Treatments for Snoring

Treatments for snoring vary greatly from simple measures and precautions to surgery. The success is difficult to measure by sound recording or tests because the most important factor for snoring is the partner affected by the snoring. Their satisfaction is the ultimate measure of success. Thus, if you can decrease your snoring so that your bed partner can sleep well treatment is considered successful.

It is a primary concern of Dental Excellence that the patient does not have sleep apnoea. The treatment for OSA may be different than that for snoring.

Lifestyle

In some instances the avoidance of alcohol and any sedating medications in conjunction with regular good quality sleep may help to decrease the volume of snoring. Most snorers are loudest while sleeping on their backs, therefore positioning strategies or an extra pillow can help control snoring. However, except in the mildest cases, additional measures are usually needed.

If the main concern is a bed partner, strategies that allow the non-snorer to sleep first can often limit the irritating effects of even the loudest snorer. In individuals that are overweight, significant weight loss can dramatically reduce the level of snoring. Maintaining this weight loss over time can be difficult for many individuals, but for those that are successful this can be a very effective strategy. Any extreme dietary measures or long term use of dietary medications should be reviewed with your doctor.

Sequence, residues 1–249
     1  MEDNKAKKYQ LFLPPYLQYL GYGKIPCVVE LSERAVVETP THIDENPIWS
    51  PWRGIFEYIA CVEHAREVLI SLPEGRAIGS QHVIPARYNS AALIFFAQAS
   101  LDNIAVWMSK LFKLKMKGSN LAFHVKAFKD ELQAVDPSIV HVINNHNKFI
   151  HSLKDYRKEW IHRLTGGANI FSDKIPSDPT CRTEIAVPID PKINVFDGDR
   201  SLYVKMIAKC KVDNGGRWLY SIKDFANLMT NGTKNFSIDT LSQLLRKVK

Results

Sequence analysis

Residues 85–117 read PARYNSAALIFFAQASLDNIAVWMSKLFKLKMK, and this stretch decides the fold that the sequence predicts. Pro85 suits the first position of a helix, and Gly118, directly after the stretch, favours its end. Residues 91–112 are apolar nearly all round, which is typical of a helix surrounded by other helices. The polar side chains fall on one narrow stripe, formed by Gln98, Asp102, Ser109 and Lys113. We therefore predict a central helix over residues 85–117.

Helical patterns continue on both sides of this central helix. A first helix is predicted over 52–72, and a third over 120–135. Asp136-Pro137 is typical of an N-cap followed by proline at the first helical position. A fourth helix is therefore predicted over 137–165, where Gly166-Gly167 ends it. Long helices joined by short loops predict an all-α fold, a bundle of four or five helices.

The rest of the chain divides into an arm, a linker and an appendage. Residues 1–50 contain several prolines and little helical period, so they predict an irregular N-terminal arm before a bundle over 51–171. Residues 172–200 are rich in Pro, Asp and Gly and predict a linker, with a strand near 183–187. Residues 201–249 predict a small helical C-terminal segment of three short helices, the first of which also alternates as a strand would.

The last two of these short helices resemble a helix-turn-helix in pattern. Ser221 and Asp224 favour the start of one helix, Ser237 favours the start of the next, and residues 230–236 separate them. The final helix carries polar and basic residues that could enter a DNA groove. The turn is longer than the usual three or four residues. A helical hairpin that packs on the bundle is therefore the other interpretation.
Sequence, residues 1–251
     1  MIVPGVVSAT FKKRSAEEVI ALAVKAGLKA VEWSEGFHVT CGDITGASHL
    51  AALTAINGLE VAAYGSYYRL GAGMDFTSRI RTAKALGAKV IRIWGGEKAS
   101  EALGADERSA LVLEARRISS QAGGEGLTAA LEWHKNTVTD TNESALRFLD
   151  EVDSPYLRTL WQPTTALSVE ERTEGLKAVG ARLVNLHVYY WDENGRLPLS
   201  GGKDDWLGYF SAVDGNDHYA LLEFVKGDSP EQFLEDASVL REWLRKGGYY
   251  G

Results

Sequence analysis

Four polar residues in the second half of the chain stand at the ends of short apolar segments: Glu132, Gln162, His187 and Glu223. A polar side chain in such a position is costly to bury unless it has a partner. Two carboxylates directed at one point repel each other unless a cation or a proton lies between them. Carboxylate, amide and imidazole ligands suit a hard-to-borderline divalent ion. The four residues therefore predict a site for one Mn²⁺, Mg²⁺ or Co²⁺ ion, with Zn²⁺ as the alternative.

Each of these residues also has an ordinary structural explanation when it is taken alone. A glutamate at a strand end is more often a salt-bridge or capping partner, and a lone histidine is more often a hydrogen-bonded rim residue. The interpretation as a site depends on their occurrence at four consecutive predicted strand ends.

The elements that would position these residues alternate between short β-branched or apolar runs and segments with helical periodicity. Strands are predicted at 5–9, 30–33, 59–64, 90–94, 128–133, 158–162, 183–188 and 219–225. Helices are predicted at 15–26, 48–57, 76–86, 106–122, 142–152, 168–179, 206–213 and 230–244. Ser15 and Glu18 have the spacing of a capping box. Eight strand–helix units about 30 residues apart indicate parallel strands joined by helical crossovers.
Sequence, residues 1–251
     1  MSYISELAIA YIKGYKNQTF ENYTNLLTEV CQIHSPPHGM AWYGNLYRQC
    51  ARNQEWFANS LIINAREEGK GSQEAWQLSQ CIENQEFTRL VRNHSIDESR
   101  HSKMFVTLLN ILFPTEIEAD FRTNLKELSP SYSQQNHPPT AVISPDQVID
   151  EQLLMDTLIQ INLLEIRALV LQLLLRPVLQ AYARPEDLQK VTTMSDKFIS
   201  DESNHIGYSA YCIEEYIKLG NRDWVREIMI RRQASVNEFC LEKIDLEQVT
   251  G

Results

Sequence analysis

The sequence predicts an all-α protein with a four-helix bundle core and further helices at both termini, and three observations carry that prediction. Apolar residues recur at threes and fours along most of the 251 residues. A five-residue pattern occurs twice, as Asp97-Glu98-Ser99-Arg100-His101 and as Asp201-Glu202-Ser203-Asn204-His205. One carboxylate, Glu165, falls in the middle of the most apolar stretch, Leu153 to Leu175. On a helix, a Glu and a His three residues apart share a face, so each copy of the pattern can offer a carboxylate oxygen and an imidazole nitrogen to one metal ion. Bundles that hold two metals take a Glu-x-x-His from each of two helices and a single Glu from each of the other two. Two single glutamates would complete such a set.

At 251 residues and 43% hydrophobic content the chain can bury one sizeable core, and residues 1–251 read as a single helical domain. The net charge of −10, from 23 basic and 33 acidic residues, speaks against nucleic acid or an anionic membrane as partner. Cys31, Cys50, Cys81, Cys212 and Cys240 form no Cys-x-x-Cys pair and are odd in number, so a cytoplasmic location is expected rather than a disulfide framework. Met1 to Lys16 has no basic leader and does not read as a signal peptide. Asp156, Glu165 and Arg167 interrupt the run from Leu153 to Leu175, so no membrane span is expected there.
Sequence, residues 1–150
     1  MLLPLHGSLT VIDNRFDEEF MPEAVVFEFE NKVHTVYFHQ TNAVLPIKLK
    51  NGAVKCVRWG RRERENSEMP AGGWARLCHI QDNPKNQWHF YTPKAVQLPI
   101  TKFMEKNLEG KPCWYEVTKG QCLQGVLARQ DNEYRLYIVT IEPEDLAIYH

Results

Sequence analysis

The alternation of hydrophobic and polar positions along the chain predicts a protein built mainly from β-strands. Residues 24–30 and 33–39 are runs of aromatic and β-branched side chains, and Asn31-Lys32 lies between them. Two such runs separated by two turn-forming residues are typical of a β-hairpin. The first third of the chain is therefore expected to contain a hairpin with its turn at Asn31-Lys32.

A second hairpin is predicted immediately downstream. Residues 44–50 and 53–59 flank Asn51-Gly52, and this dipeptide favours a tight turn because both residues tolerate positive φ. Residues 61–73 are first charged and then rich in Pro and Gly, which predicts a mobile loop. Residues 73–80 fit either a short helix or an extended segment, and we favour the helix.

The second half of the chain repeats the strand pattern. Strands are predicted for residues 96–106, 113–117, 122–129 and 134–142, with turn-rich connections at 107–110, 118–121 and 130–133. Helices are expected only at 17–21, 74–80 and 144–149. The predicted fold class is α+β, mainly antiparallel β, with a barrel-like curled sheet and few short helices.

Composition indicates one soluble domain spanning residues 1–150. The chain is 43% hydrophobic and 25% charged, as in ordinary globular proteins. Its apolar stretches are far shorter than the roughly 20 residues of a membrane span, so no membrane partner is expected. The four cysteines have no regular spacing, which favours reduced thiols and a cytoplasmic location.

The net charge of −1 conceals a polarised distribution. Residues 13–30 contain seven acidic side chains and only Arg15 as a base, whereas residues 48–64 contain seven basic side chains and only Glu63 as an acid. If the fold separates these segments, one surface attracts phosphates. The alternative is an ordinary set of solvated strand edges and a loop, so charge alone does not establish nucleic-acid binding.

Surgery

There are a wide range of surgeries performed to help control snoring. Although they differ significantly in the overall patient experience, most are relatively successful in controlling the sound produced with snoring. The first surgical procedure used for snoring was the Uvulopalatopharyngoplasty or UPPP. Though designed for sleep apnoea, it was very effective in controlling the snoring also found in these patients. This is an operating room procedure.

A variation of the UPPP that can be done in the medical office over several visits was developed called the Laser-Assisted Uvulopalatoplasty or LAUP. However, the pain of this procedure and the need for up to five treatments has limited this technique’s popularity. Over the last few years, a number of new methods of palatal treatment have been created, all of which are invasive.

Oral Devices

An oral device is a small appliance worn in the mouth similar to an orthodontic retainer or sports mouthguard. Oral device therapy involves the use of a specially designed appliance that, when worn during sleep, maintains an opened, unobstructed airway in the throat. These appliances promote adequate air intake and help to provide normal sleep in people who snore and have the medical condition known as obstructive sleep apnoea. There are two basic types of oral appliances.